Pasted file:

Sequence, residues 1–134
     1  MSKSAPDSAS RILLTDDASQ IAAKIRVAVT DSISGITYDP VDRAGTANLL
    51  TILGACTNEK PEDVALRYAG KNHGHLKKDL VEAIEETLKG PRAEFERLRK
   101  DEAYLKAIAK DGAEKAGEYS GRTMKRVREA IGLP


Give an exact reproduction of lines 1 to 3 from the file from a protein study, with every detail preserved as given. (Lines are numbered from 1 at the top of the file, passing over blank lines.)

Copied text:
Sequence, residues 1–134
     1  MSKSAPDSAS RILLTDDASQ IAAKIRVAVT DSISGITYDP VDRAGTANLL
    51  TILGACTNEK PEDVALRYAG KNHGHLKKDL VEAIEETLKG PRAEFERLRK